A procedure in which a stimulus is followed by a reinforcer regardless of what the organism does. (No use of reinforcement).
A chaining procedure in which training begins with the last link in the chain and adds preceding links in reverse order.
A series of related behaviors, the last of which produces reinforcement.
In operant training, the procedure of establishing a behavior chain.
Any reinforcer that has acquired its reinforcing properties through its association with other reinforcers.
Any reinforcing event that has been arranged by someone, usually for the purpose of modifying behavior.
Discrete Trial Procedure
An operant training procedure in which performance of a behavior defines the end of a trial.
One of the brain's major neurotransmitters and one source of a natural "high." Thought to play a major role in reinforcement.
In Hull's theory of reinforcement, a motivational state (such as hunger) caused by a period of deprivation (as of food).
The theory of reinforcement that attributes a reinforcer's effectiveness to the reduction of a drive.
An important neurotransmitter that is thought to be important in reinforcement. More commonly known as adrenaline.
A form of negative reinforcement in which the subject first learns to escape, and then to avoid, and aversive.
In operant training, the procedure of withholding the reinforcers that maintain a behavior.
A sudden increase in the rate of behavior during the early stages of extinction.
A chaining procedure in which training begins with the first link in the chain and adds subsequent links in order.
Free Operant Procedure
An operant training procedure in which a behavior may be repeated any number of times.
Any secondary reinforcer that has been paired with several different reinforcers.
Any procedure in which a behavior becomes stronger of weaker, depending on its consequences.
Law of Effect
The statement that behavior is a function of its consequences. So called because the strength of a behavior depends on its past effects on the environment. Implicit in the law is the notion that operant learning is an active process because it is usually the behavior of the organism that, directly or indirectly, produces the effect.
Anything that establishes conditions that improve the effectiveness of a reinforcer. Also called establishing operation.
Any reinforcing event that follows automatically from a behavior.
A reinforcement procedure in which a behavior is followed by the removal of, or a decrease in the intensity of, a stimulus. Sometimes called escape training.
Any stimulus that, when removed following a behavior, increase or maintains the strength of that behavior.
The view that avoidance and punishment involve only one procedure - operant learning.
Any procedure in which a behavior becomes stronger or weaker depending on its consequences.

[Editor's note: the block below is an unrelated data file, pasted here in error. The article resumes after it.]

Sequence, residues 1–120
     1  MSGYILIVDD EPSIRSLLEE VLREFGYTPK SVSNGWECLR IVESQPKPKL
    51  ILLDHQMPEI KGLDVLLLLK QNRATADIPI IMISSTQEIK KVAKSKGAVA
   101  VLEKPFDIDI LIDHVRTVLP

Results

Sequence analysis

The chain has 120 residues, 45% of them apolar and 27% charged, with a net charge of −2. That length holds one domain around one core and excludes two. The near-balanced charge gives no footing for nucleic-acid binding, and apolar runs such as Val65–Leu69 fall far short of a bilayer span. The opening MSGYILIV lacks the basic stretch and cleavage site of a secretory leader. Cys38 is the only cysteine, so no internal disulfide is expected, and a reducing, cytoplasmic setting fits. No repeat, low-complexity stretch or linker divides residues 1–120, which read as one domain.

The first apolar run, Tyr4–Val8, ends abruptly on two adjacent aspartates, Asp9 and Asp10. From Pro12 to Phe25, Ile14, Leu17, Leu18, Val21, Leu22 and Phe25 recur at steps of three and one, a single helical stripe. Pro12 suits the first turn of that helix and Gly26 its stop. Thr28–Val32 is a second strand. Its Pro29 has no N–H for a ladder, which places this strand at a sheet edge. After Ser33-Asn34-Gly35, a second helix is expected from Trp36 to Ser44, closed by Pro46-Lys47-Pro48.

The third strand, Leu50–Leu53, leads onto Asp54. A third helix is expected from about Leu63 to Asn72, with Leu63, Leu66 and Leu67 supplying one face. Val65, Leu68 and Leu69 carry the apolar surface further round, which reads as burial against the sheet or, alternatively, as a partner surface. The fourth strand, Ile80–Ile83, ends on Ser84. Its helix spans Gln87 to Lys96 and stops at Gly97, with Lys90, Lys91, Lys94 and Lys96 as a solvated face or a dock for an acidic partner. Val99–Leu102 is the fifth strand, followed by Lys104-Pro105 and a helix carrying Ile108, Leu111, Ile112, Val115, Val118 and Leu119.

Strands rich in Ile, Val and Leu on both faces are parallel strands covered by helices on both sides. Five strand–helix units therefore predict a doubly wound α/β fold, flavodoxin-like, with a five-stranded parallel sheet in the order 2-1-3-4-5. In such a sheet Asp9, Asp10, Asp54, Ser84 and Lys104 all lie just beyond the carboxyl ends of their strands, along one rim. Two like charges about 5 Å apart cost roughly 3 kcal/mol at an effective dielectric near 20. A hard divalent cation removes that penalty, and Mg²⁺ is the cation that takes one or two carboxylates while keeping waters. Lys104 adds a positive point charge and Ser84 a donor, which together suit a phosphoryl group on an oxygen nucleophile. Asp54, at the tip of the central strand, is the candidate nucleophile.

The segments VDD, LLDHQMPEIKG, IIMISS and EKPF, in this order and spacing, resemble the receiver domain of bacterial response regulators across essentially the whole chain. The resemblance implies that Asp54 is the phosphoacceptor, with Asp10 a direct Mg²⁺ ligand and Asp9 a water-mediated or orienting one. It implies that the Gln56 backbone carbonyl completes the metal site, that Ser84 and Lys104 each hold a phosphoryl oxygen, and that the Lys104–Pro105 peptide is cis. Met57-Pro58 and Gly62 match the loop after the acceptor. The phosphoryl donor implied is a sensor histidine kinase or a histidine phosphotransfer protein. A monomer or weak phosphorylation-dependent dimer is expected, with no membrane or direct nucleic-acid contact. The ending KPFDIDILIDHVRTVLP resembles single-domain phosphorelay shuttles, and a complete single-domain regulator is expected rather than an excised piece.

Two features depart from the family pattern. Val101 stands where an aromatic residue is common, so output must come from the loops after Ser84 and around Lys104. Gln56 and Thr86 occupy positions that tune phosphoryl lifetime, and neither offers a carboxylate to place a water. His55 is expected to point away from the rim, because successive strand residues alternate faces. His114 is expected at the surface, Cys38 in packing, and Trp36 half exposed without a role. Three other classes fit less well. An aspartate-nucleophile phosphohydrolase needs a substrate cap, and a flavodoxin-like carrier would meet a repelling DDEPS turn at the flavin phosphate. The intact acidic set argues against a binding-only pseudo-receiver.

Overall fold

A reinforcement procedure in which a behavior is followed by the presentation of, or an increase in the intensity of, a stimulus.
Any stimulus that, when presented following a behavior, increases or maintains the strength of that behavior.
The observation that high-probability behavior reinforces low-probability behavior.
Any reinforcer that is not dependent of another reinforcer for its reinforcing properties.
The procedure of providing consequences for a behavior that increase of maintain the strength of that behavior.
Relative Value Theory
Response Deprivation Theory
The theory of reinforcement that says a behavior is reinforcing to the extent that the organism has been deprived (relative to its baseline frequency) of performing that behavior. Also called equilibrium theory.
The reappearance during extinction of a previously reinforced behavior.
Changes in behavior due to positive reinforcement.
Formerly reward center, the neural pathways believed to be associated with positive reinforcement. It is thought to be an area in the septal region, the area separating the two cerebral hemispheres and running from the middle of the brain to the frontal cortex.
A reduction in the effectiveness of a reinforcer due to exposure to or consumption of the reinforcer. Food can be reinforcing when the person is hungry, but it loses some of its effectiveness with each bite.
Any reinforcer that has acquired its reinforcing properties thought its association with other reinforcers. Also called conditioned reinforcer.
In operant training, the procedure of reinforcing successive approximations of a desired behavior.
Sidman Avoidance Procedure
An escape avoidance training procedure in which no stimulus regularly precedes the aversive stimulus.
The procedure of identifying the component elements of a behavior chain.
The essential elements of all operant learning, often represented by the letters ABC, for antecedent, behavior, and consequences.
The view that avoidance and punishment involve two procedures - Pavlovian and operant learning.